Plea Bargaining | 24 Jul 2020

Why in News

Several citizens of various countries, who were accused of violating visa conditions and government guidelines following the Covid-19 pandemic, have obtained release from court cases in recent days by means of plea bargaining.

Key Points

  • Plea Bargaining:
    • It refers to a person charged with a criminal offence (accused) negotiating with the prosecution for a lesser punishment than what is provided in law by pleading guilty to a less serious offence.
    • It primarily involves pretrial negotiations between the accused and the prosecutor. It may involve bargaining on the charge or in the quantum of sentence.
  • Provision in India:
    • Plead Guilty: There has always been a provision in the Code of Criminal Procedure (CrPC) for an accused to plead ‘guilty’ instead of claiming the right to a full trial, but it is not the same as plea bargaining.
    • Plea Bargaining: Plea bargaining was introduced in 2006 as part of a set of amendments to the CrPC as Chapter XXI-A, containing Sections 265A to 265L.
    • Cases for which the plea bargaining is allowed are limited.
      • Only someone who has been charged for an offence that does not attract the death sentence, life sentence or a prison term above seven years can make use of the scheme under Chapter XXI-A. It is also applicable to private complaints of which a criminal court has taken cognisance.
      • Other categories of cases that cannot be disposed of through plea bargaining are those that involve offences affecting the “socio-economic conditions” of the country, or committed against a woman or a child below the age of 14.
  • Procedure in India:
    • The plea bargaining process can be initiated only by the accused. This provision is different from the one in other countries like the USA where the prosecutor plays a key role in bargaining with the suspected offender.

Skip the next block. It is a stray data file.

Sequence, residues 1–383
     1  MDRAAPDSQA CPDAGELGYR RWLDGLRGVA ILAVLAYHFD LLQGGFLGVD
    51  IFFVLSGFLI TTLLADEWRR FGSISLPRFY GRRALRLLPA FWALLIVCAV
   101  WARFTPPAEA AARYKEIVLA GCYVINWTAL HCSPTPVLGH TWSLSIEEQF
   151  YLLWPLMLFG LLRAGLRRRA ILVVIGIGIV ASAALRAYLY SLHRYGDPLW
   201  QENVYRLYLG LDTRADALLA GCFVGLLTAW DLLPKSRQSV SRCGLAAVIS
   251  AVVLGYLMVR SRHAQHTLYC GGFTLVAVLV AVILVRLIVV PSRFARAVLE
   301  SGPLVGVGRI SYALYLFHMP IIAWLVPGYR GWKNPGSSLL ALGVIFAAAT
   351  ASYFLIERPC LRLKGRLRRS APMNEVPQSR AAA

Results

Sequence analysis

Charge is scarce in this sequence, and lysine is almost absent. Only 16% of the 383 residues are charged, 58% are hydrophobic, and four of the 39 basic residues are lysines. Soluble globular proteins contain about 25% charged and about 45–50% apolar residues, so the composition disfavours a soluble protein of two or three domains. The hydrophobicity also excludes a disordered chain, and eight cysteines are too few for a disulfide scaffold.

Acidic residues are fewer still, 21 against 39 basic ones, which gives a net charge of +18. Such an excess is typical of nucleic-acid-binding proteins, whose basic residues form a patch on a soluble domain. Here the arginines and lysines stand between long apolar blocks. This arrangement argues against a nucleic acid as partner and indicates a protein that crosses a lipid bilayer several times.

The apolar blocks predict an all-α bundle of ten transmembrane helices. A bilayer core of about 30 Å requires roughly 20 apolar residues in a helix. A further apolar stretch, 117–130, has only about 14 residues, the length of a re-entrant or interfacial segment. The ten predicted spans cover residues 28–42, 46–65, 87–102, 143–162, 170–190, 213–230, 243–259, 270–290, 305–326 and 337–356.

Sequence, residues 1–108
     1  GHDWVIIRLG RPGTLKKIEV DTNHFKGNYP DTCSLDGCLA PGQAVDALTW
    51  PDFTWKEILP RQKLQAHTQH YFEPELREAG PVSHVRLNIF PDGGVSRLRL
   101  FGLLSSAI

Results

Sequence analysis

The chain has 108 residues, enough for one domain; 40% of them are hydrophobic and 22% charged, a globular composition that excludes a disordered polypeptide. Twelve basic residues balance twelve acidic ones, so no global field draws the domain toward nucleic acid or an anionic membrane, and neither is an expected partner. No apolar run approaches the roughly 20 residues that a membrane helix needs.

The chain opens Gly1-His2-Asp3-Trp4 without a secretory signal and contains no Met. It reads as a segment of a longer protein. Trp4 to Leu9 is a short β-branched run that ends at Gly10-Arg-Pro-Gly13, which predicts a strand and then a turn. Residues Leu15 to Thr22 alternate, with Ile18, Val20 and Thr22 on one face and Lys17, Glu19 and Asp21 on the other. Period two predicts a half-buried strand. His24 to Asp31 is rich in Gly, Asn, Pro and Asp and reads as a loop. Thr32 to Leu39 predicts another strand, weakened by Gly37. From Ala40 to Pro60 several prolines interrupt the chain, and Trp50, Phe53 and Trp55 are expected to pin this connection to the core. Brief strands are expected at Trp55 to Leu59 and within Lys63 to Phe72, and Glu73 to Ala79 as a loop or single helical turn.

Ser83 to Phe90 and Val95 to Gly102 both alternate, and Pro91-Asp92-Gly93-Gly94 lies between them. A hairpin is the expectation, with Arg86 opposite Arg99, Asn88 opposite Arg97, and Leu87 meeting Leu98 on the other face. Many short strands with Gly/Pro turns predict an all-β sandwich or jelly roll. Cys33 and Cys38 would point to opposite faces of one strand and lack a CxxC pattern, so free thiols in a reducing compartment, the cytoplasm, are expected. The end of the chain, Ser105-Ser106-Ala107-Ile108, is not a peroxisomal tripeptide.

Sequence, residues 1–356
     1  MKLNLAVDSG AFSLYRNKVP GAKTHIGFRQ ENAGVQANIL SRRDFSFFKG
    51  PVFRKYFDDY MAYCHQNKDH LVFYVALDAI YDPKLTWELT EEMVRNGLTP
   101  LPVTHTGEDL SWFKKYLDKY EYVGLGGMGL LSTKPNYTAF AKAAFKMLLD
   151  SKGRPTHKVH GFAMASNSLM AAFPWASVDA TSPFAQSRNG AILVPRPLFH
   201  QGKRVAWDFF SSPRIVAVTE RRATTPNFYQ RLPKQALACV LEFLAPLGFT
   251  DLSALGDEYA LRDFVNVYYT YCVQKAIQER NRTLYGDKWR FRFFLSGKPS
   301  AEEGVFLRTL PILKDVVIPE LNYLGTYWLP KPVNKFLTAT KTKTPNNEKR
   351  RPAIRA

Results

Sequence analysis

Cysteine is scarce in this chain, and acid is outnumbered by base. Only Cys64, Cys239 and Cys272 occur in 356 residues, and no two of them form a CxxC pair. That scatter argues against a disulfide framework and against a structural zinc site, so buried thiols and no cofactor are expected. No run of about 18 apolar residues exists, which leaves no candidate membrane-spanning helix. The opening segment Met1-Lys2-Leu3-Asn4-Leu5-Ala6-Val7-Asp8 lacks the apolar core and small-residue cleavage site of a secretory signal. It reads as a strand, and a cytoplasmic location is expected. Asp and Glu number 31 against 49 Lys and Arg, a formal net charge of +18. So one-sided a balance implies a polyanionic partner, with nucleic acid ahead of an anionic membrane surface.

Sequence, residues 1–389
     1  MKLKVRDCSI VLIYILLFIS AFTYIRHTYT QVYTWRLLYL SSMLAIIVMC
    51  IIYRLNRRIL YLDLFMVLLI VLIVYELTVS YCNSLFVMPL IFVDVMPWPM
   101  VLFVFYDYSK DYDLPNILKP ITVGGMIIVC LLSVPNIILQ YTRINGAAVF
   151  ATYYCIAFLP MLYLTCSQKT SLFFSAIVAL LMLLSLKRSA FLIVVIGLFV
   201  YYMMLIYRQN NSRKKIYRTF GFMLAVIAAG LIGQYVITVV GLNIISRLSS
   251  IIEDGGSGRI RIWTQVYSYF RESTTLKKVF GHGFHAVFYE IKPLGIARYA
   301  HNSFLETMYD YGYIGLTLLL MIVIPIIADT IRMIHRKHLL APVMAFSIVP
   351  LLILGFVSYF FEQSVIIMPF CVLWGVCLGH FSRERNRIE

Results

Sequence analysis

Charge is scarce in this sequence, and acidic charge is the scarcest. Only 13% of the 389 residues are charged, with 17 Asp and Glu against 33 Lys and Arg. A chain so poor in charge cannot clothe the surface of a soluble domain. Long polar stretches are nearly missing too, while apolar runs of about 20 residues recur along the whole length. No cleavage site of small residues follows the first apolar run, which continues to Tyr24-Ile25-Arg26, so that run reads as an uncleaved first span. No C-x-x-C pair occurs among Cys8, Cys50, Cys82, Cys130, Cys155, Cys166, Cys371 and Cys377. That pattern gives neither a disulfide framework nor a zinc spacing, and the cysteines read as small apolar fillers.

• The accused will have to apply to the court for invoking the benefit of bargaining.
    • Thereafter, the court may permit the prosecutor, the investigating officer and the victim (if any) to hold a meeting for a “satisfactory disposition of the case”.
    • Once mutual satisfaction is reached, the court formalises the arrangement by way of a report signed by all the parties and the presiding officer.
      • The accused may be sentenced to a prison term that is half the minimum period fixed for the offence. If there is no minimum term prescribed, the sentence should run up to one-fourth of the maximum sentence stipulated in law.
      • The outcome may also involve payment of compensation and other expenses to the victim by the accused.
  • Arguments in Favour:
    • As per the Justice Malimath Committee on reforms of the criminal justice system (formed in 2000):
      • This ensures speedy trial, ends uncertainty over the outcome of criminal cases, saves litigation costs and relieves the parties of anxiety.
      • It would also have a dramatic impact on conviction rates.
        • It is common in the USA, and has been a successful method of avoiding protracted and complicated trials. As a result, conviction rates are significantly high there.
    • Prolonged imprisonment of undertrials without any progress in the case for years and overcrowding of prisons are also other factors that may be cited in support of reducing pendency of cases and decongesting prisons through plea bargaining.
    • It may help offenders make a fresh start in life.
  • Arguments Against:
    • People who are pushed to plea bargain are those who do not have the wherewithal to arrange for bail.
    • Even courts are also very particular about the voluntary nature of the exercise, as poverty, ignorance and prosecution pressure should not lead to someone pleading guilty of offences that may not have been committed.
      • The Judiciary in its earlier verdicts (especially before the introduction of the process) had disapproved of bargaining with offenders, and pointed out that lenient sentences could be considered as part of the circumstances of the case after a regular trial. Mere acceptance or admission of the guilt should not be a ground for reduction of sentence.
    • Further, it may hamper the victim’s right to fair trial, involvement of coercion by the investigating agencies and corruption in the process.
    • Some argue that it is against Article 20 (3) of the Constitution which provides immunity to an accused against self-incrimination.

Way Forward

  • To sum up, while plea bargaining is beneficial to the accused and victim of a crime, enough safeguards are required to be placed to stop possible abuse of this process.
  • Plea bargain is a pragmatic vision to overcome crowded criminal courts and prisons and a potential way to improve the litigation efficiency and rationalize judicial resources, infrastructure and expenses.

Source: TH